That such direction was available was apparent from the military precision with which the entire campaign was conducted, including the show of hesitation in entering Kabul ostensibly to avoid casualties.

Interestingly, the bill would also make it mandatory for the US government to provide details on the Pakistani involvement in the Panjshir operation that not just killed civilians in the area, but also seemed to have involved use of foreign air support in the form of UAV flights. The bill makes it mandatory for the US government to also report what it did to ‘curtail’ such support. That answer would be just one word: Nothing.

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Sanctions to Follow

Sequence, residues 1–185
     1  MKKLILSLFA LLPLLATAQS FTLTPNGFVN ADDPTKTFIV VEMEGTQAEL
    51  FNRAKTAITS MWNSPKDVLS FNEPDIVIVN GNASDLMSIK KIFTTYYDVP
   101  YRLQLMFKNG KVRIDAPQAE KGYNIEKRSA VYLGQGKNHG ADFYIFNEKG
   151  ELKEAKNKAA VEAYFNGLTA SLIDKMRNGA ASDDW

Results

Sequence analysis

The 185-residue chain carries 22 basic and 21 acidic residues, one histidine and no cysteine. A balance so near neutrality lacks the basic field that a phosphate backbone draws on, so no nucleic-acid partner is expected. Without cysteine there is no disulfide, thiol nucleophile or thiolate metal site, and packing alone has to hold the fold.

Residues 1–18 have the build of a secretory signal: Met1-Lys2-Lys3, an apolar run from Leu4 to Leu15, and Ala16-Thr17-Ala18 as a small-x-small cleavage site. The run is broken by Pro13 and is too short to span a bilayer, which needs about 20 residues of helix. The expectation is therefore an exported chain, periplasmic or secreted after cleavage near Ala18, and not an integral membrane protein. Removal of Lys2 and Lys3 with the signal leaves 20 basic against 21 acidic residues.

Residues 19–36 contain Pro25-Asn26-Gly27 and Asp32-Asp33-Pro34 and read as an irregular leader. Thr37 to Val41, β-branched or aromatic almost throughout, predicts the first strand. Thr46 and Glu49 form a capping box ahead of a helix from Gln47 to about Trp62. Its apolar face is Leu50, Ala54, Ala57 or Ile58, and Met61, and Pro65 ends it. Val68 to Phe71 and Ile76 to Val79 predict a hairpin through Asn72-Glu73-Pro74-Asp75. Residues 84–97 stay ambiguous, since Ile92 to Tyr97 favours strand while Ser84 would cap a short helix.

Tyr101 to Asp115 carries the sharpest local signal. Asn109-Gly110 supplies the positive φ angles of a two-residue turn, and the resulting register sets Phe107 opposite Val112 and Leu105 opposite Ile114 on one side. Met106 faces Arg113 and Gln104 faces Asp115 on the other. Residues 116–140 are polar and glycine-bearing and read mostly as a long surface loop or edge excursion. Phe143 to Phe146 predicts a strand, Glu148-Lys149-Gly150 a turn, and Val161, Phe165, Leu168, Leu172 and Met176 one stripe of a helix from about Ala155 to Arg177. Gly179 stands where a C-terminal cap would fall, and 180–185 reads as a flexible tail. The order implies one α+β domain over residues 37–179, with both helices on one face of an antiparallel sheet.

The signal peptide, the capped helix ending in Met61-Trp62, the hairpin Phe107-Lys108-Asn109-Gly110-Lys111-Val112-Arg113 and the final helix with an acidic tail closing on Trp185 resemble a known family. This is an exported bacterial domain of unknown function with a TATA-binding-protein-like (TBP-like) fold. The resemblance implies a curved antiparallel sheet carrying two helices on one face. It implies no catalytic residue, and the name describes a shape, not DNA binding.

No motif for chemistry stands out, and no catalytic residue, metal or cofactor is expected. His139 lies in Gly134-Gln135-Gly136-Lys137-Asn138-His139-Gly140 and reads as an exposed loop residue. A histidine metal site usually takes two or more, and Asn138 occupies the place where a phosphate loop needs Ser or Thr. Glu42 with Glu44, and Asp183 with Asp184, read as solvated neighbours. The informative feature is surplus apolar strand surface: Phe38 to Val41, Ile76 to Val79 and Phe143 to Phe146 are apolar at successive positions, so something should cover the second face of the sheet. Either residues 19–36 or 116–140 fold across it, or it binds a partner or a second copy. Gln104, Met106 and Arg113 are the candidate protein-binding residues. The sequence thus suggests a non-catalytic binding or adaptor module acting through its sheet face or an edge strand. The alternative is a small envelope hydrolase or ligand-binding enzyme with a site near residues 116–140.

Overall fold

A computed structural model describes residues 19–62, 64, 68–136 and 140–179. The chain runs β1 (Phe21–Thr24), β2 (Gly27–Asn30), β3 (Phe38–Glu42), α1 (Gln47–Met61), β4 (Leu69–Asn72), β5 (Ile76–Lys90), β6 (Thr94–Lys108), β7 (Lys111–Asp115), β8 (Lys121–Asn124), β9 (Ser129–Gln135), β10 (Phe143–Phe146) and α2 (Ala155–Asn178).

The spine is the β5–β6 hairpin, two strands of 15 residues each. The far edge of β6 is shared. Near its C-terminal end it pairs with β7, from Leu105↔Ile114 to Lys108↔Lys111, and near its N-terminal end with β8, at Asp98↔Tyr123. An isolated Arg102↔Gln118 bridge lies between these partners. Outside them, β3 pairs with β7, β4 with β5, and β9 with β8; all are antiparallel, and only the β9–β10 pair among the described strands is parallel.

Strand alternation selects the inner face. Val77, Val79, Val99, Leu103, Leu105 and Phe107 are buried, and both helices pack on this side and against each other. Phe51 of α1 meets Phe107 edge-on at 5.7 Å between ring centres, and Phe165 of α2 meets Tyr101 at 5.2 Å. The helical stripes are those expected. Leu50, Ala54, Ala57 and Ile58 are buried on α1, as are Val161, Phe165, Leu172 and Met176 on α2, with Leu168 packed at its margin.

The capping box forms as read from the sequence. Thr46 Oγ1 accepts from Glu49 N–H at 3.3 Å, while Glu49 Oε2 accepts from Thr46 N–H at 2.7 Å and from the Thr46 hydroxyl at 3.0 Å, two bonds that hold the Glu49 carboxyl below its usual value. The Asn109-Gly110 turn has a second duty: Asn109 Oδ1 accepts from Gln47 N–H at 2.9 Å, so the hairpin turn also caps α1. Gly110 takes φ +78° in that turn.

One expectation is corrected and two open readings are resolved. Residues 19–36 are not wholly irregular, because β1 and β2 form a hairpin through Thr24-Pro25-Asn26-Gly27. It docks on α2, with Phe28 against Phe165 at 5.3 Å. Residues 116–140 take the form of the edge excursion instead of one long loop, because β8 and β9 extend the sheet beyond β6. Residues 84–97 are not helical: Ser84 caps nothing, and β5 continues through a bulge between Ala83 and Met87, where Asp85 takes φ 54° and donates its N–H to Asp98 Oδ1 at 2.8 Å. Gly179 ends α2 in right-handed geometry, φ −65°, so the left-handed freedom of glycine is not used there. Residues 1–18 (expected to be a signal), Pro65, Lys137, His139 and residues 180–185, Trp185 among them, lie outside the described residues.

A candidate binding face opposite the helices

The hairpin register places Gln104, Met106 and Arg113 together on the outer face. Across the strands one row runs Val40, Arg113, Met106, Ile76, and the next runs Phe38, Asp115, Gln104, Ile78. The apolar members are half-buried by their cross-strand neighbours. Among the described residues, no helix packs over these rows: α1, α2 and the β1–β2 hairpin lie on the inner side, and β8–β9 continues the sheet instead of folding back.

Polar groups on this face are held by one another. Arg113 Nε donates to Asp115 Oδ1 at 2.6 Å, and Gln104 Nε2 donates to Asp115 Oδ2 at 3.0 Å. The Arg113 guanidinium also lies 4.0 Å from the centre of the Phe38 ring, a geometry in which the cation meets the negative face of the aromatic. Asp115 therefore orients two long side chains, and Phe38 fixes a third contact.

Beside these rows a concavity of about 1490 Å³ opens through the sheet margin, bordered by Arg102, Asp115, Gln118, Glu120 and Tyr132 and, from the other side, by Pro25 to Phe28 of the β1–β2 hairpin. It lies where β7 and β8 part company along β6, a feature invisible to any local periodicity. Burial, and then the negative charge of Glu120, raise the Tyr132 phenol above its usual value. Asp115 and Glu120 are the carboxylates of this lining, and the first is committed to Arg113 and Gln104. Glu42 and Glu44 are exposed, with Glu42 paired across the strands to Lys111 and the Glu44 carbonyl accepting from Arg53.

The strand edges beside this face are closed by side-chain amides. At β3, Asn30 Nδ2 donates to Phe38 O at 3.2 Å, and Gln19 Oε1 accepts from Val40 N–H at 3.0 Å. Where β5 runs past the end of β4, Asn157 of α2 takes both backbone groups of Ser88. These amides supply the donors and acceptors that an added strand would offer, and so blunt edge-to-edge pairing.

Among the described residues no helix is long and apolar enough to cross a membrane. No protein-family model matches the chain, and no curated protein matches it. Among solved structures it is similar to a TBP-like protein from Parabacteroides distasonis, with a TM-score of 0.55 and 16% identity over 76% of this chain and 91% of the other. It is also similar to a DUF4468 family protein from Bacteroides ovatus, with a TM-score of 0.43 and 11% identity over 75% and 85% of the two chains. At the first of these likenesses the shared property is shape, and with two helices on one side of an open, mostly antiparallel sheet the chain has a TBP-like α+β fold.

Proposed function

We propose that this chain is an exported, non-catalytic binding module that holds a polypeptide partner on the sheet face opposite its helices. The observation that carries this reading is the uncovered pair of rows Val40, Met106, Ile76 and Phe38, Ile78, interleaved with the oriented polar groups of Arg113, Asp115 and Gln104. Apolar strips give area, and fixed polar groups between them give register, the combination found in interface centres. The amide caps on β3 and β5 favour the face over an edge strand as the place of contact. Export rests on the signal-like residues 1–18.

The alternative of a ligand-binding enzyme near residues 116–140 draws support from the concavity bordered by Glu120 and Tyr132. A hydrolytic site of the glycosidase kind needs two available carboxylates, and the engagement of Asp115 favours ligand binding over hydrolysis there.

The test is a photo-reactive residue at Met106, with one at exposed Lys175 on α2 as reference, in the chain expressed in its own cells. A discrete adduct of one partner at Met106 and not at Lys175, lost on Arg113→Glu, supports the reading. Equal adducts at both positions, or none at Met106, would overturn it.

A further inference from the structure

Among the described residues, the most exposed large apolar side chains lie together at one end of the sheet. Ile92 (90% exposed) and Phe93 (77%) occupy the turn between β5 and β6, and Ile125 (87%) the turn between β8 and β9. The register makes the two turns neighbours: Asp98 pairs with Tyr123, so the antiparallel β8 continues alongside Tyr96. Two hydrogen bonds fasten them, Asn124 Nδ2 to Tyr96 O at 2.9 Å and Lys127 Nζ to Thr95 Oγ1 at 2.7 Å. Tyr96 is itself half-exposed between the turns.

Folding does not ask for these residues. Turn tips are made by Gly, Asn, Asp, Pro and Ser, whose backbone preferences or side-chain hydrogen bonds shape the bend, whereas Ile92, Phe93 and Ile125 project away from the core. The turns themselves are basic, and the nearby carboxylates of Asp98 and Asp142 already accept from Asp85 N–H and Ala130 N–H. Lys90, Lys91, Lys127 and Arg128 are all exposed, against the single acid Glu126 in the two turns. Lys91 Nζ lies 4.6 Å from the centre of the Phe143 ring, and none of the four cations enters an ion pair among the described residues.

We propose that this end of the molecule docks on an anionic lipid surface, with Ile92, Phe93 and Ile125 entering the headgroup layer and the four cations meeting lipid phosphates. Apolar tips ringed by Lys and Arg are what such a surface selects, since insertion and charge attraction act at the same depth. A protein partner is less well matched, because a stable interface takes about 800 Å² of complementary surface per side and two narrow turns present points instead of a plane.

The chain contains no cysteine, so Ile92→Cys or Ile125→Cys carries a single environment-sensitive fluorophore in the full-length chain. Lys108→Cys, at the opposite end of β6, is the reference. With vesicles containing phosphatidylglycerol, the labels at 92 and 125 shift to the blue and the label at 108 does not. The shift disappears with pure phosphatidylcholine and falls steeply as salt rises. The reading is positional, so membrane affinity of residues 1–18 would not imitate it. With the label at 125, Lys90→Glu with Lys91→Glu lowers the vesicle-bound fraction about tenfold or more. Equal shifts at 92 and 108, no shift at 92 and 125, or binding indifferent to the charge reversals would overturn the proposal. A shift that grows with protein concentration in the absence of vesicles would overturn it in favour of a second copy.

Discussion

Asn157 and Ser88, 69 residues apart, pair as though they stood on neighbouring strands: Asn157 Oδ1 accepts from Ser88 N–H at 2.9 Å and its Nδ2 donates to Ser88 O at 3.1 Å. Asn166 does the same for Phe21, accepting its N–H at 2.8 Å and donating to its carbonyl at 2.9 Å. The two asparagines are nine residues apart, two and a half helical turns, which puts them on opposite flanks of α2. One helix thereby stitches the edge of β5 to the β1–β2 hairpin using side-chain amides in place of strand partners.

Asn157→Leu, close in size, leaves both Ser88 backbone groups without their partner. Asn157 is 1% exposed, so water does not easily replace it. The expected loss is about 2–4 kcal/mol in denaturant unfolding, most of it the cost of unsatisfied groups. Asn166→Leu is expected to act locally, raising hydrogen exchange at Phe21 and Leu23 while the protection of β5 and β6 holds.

Worse is to follow. The section on Sanctions demands that the USG similarly report to Congress on the “assistance provided to or through the government of any country or any organization providing any form of material support to the Taliban”. That means not just the government of Pakistan, but also the various bodies like the Madrassa Haqqania in Akora Khattak , as well all extremist organisations at present revelling in the Taliban victory and falling over themselves to reach Kabul.

This is followed by further details of sanctions on anyone providing paramilitary or military support, or intelligence or logistical support to the Taliban or any terrorist group operating – that last is interesting since it clearly has a broad sweep to include the Lahskar-e-Tayyba and its friends and affiliates. This particular clause is clearly related to Pakistan, and its intelligence agencies. Further are other clauses against drug trafficking, and related areas. Worse still, is the demand of stoppage of all foreign assistance to those entities or countries supporting the Taliban. Keep in mind that the US is still the largest aid donor to Pakistan, and you get the picture.